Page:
Let's ignore for the moment that the Rangers have muddied the picture on their postseason future over the last week and that the cardiac kids from Anaheim, with three walk-off wins in their last five games, could wind up winning the division.
We'll put those very real fears aside and assume the Rangers make it to the postseason. We know that C.J. Wilson and Alexi Ogando will be making starts in October and we assume that Matt Harrison's performance has been good enough to put him on the mound in one of the other games. If all that is true, who starts the fourth game?
Colby Lewis has long been the obvious choice over Holland, but that picture has grown hazier. Lewis got tuned up by the Red Sox on Tuesday night, allowing seven runs and nine hits over six innings en route to an 11-5 loss. It's tempting to write off Lewis's start as a blip on the screen against a talented team, but the numbers don't really back that up.
For one thing, Lewis has been awful at home all season long. He now has a 5.56 ERA in Arlington and has allowed 20 home runs in 79.1 innings this season. Holland's ERA isn't much better, but he has let up only six homers in his own appearances at the home park this year.
Home stats aren't everything, though, especially not when the fourth game of the first round will be on the road. Both Lewis and Holland have done much better away from home, with Lewis posting a 2.76 ERA and Holland throwing three of his four shutouts as a visiting pitcher. So let's delve deeper.
Holland lags behind Lewis when it comes to strikeout and walk rates, yet he still has a better FIP (Fielding Independent Pitching, i.e. stuff pitchers control on their own) than Lewis because of all the home runs. Holland has also experienced worse luck when it comes to balls in play leading to a .316 batting average on those plays against a .255 mark for Lewis.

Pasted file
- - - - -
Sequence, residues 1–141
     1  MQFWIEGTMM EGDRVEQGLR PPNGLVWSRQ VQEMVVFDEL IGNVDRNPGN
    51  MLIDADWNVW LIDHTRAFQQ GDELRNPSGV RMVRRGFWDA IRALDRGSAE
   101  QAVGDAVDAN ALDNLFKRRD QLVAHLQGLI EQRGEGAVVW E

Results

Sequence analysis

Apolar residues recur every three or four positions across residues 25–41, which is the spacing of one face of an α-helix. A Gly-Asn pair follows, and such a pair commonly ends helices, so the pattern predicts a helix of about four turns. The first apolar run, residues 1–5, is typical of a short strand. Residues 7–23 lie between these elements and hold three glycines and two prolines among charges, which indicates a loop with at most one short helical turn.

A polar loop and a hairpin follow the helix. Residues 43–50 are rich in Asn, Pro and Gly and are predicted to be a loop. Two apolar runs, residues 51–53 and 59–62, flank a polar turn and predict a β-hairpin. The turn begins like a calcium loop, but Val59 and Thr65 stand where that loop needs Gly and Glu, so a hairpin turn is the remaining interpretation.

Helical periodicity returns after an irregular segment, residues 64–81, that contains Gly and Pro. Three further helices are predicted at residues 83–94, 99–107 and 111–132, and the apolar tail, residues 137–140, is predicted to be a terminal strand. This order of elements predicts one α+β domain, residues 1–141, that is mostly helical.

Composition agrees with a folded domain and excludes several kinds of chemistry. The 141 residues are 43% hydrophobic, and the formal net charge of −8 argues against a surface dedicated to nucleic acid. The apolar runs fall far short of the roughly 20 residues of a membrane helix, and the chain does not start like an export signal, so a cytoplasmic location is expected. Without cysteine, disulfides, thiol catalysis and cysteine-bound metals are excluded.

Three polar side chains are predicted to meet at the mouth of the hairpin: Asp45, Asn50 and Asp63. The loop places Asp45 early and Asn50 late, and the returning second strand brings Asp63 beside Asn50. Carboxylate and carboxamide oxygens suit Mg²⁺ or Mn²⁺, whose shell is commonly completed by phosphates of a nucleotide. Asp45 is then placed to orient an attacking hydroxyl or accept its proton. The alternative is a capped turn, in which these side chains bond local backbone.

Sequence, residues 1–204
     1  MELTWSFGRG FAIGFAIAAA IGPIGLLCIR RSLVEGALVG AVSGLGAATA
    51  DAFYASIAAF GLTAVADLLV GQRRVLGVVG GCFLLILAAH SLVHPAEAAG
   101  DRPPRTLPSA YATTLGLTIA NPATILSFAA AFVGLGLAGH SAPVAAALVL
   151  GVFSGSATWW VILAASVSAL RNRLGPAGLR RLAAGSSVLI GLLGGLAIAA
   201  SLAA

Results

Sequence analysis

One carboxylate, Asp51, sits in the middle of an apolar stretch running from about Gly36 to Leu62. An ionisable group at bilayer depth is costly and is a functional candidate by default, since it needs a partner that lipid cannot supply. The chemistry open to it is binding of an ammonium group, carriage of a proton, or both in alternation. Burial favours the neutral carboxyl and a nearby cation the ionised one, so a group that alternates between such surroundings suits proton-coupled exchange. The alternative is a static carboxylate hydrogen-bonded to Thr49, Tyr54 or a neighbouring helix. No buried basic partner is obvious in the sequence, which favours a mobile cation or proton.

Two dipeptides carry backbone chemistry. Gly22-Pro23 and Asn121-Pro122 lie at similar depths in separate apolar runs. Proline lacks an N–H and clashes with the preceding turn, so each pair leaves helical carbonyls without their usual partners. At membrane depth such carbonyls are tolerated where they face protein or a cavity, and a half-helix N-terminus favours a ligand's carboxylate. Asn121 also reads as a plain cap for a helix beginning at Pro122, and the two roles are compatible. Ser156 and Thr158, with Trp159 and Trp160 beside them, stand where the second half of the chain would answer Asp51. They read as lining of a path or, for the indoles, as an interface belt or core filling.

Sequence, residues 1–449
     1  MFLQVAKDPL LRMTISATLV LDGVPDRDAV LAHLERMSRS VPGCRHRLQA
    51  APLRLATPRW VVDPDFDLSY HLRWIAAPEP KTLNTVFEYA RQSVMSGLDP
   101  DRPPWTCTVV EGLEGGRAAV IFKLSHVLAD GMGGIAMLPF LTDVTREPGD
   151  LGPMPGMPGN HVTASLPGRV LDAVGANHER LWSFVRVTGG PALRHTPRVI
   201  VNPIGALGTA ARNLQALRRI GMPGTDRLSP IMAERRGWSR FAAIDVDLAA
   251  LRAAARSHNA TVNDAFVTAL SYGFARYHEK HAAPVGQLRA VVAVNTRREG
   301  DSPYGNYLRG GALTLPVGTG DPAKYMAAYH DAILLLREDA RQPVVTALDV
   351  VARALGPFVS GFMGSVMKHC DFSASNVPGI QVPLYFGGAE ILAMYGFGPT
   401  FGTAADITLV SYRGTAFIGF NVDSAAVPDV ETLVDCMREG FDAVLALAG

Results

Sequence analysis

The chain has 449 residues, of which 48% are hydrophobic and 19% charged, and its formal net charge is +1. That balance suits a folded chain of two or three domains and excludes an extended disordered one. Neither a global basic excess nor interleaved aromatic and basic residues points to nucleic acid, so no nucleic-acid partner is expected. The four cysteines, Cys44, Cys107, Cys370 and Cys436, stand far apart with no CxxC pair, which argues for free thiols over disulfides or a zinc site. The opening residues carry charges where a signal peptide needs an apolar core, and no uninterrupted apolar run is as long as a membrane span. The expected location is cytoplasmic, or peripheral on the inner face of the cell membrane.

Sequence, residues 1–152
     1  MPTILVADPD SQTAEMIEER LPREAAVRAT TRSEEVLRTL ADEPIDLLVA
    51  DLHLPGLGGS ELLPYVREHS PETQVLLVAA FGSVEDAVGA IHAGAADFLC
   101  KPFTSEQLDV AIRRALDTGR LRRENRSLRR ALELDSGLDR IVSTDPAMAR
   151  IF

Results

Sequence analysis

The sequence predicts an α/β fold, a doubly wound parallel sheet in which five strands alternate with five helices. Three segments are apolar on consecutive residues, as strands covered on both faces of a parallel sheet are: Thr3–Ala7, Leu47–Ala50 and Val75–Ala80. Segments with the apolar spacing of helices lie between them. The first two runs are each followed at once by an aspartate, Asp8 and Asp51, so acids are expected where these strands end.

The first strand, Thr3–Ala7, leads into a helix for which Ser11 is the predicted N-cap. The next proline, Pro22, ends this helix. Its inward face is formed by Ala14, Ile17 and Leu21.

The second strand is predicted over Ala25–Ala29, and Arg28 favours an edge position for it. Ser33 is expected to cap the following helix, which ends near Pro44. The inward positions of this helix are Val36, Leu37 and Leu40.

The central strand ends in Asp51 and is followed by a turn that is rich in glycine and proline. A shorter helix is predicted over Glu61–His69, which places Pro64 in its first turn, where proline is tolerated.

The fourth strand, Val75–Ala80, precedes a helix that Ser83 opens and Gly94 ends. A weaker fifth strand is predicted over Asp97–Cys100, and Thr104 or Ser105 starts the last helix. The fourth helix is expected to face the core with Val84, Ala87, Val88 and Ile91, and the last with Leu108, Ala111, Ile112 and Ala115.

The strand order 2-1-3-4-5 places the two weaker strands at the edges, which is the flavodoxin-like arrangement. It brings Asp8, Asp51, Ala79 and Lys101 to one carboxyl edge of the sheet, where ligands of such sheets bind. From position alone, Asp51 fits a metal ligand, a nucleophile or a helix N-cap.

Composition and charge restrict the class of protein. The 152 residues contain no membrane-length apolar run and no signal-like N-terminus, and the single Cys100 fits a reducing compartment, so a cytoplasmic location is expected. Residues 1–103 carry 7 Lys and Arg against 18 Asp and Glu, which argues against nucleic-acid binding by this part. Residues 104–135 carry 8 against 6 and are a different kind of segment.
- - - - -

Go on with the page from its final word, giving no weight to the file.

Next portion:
Those numbers tell you that there isn't as wide a gulf between the pitchers as you might assume when looking at their superficial results over the course of the season. Lewis has more experience thanks to last year's playoff run, but experience can only do so much to overcome a superior arm.
Is Holland a superior arm, though? He has mixed the thrillingly good with the dismal this season so often that it is foolish to even proffer a guess about how an individual start might play out. That would seem to make him a poor choice to start a playoff game, until you realize that Lewis really hasn't been any more consistent.
Lewis' lows haven't been as low as Holland's, but neither have his highs. If they were, there really wouldn't be a question about who should stay in the rotation come the postseason. Lewis would get the edge because of his past record, his present record and the fact that he is less likely to totally implode on the mound.
If the playoffs opened today, Lewis would probably be the choice for that last reason. The Rangers have improved their bullpen enough that they should be able to survive a mediocre start while a Holland meltdown would almost certainly be too much to overcome. (Read another point of view on this from Red Fever blogger Adam Boedeker.)
The playoffs don't start today, though, and this has to be viewed as an open question. There's still enough time left in the regular season for either of the candidates to swing things in their favor definitively and make the choice about who to take on a postseason run easier.
Assuming, of course, that there is a postseason run in the Rangers' future this time around.